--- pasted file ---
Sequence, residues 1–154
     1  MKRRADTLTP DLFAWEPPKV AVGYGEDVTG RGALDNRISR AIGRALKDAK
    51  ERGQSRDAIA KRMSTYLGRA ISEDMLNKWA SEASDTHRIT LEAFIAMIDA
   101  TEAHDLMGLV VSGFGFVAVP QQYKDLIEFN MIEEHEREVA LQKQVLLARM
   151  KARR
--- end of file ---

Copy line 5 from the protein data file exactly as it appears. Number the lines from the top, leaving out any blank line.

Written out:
   151  KARR